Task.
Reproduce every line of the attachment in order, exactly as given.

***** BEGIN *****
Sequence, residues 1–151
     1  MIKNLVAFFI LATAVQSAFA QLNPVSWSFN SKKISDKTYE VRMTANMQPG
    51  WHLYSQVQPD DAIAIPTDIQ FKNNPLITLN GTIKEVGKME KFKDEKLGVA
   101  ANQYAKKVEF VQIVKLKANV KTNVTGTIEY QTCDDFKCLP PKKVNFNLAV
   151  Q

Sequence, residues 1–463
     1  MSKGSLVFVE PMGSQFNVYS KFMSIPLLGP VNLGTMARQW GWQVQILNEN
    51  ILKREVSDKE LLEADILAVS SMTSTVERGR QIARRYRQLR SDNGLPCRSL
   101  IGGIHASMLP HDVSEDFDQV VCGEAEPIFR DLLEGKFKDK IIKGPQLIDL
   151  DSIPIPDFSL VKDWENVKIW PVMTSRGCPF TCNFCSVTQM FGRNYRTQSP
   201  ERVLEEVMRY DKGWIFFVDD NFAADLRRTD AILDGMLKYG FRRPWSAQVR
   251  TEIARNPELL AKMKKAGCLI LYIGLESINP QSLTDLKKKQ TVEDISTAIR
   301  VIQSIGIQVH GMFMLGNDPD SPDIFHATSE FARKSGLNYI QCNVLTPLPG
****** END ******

Sequence, residues 1–151
     1  MIKNLVAFFI LATAVQSAFA QLNPVSWSFN SKKISDKTYE VRMTANMQPG
    51  WHLYSQVQPD DAIAIPTDIQ FKNNPLITLN GTIKEVGKME KFKDEKLGVA
   101  ANQYAKKVEF VQIVKLKANV KTNVTGTIEY QTCDDFKCLP PKKVNFNLAV
   151  Q

Sequence, residues 1–463
     1  MSKGSLVFVE PMGSQFNVYS KFMSIPLLGP VNLGTMARQW GWQVQILNEN
    51  ILKREVSDKE LLEADILAVS SMTSTVERGR QIARRYRQLR SDNGLPCRSL
   101  IGGIHASMLP HDVSEDFDQV VCGEAEPIFR DLLEGKFKDK IIKGPQLIDL
   151  DSIPIPDFSL VKDWENVKIW PVMTSRGCPF TCNFCSVTQM FGRNYRTQSP
   201  ERVLEEVMRY DKGWIFFVDD NFAADLRRTD AILDGMLKYG FRRPWSAQVR
   251  TEIARNPELL AKMKKAGCLI LYIGLESINP QSLTDLKKKQ TVEDISTAIR
   301  VIQSIGIQVH GMFMLGNDPD SPDIFHATSE FARKSGLNYI QCNVLTPLPG